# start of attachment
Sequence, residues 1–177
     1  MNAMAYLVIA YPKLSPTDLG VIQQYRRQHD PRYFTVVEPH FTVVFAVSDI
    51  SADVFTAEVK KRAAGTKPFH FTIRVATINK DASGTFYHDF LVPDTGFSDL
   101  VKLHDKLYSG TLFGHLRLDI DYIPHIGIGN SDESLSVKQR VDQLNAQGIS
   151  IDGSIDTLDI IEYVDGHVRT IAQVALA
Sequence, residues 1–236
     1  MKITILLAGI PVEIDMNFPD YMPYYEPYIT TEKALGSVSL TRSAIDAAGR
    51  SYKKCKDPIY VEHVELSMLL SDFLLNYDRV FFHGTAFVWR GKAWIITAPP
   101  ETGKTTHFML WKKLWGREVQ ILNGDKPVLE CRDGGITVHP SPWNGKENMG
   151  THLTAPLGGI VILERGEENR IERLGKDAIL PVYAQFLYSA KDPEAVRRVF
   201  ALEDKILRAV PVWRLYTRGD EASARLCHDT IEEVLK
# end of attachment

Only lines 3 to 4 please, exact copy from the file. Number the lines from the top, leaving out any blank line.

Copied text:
    51  SADVFTAEVK KRAAGTKPFH FTIRVATINK DASGTFYHDF LVPDTGFSDL
   101  VKLHDKLYSG TLFGHLRLDI DYIPHIGIGN SDESLSVKQR VDQLNAQGIS